Philanthropic giving to the arts remains challenged. While the amount of money given to the arts has increased over the past decade to $13.28 billion in 2010, the sector struggles to maintain its philanthropic market share—dropping from 4.9 percent in 2001 to 4.5 percent in 2010. If the arts sector merely maintained its 4.9 percent share in 2010, it would have received $14.3 billion in contributions—a $1 billion difference.
“Increased public interest in the arts combined with the nation’s emergence from the Great Recession set the arts industry on a positive trajectory in 2010,” said Robert L. Lynch, president and CEO of Americans for the Arts. “But before the sector can make a full recovery, it is essential it find new and innovative ways to generate additional funding to compensate for the shortfalls sustained during the past few years. And it is in our country’s best interest to do so. Not only do the arts play an integral role in defining our national identity, but they also are a vital component in building strong economies and healthy communities.”
Technology Effecting Audience Engagement According to the Index, advances in technology have drastically changed the way Americans consume art. For example, nearly half of the nation’s CD and record stores have disappeared since 2003, while online downloads of music singles, have grown seven-fold to more than one billion units annually. In 2009, digital formats comprised 41 percent of total music sales in the U.S., up from 34 percent in 2008, and 25 percent in 2007.
In addition, many nonprofit arts organizations are using technology to broaden their audience base. Arts Memphis, for example, recognized that consumers are increasingly making their plans at the last minute. As a result, they developed an online App for the iPhone, which provides free and instant access to the city’s arts calendar. In addition, the Metropolitan Opera simulcasts 12 operas to 1,600 theaters in 54 countries—a program that sold an additional 3 million tickets last year alone. Also, the Washington National Opera’s annual simulcast at the Washington Nationals’ baseball stadium continues to draw crowds, attracting 23,000 people in 2011.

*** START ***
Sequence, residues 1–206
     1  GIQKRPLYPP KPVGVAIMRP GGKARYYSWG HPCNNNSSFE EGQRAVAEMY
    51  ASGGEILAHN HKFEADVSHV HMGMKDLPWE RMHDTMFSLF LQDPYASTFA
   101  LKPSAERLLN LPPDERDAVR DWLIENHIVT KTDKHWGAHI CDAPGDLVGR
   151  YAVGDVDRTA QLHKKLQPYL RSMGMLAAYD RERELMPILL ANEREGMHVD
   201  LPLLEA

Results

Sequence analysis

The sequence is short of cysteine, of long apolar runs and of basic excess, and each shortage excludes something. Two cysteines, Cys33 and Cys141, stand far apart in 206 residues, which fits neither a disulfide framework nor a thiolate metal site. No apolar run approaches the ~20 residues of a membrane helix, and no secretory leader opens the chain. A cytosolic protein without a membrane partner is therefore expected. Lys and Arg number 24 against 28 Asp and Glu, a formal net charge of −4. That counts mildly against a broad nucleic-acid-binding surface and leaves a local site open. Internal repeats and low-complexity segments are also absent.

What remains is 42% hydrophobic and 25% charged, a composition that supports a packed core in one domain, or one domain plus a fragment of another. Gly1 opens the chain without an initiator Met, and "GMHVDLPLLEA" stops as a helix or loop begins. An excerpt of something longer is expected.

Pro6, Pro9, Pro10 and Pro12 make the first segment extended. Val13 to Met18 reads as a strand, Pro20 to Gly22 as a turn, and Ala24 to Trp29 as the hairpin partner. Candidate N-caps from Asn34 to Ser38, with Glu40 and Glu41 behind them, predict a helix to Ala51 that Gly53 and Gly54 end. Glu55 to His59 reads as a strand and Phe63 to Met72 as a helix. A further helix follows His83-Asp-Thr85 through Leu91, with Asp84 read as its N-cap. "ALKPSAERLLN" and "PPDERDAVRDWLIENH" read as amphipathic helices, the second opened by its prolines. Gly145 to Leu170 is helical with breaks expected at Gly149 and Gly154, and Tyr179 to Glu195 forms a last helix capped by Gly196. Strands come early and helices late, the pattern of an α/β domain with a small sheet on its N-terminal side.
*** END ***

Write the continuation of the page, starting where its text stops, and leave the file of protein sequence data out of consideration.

“To survive in this market, it is essential for arts organizations to find innovative ways to engage audiences,” says said Arthur C. Brooks, president of the American Enterprise Institute and one of the Index's advisors. “By keeping pace with and making use of the latest technological advances and catering to changing consumer spending habits, arts organizations will be able to thrive in the rapidly changing marketplace of the 21st century.”
Other Key Findings
America’s arts industries have a growing international audience: U.S. exports of arts goods (e.g., movies, paintings, jewelry) increased from $56 to $64 billion between 2009 and 2010, up 12 percent. With U.S. imports at just $23 billion, the arts achieved a $41 billion trade surplus in 2010. In addition, The U.S. Department of Commerce reports that the percentage of international travelers including museum visits on their trip has grown annually since 2003 (17 to 24 percent), while the share attending concerts and theater performances increased five of the past seven years (13 to 17 percent since 2003).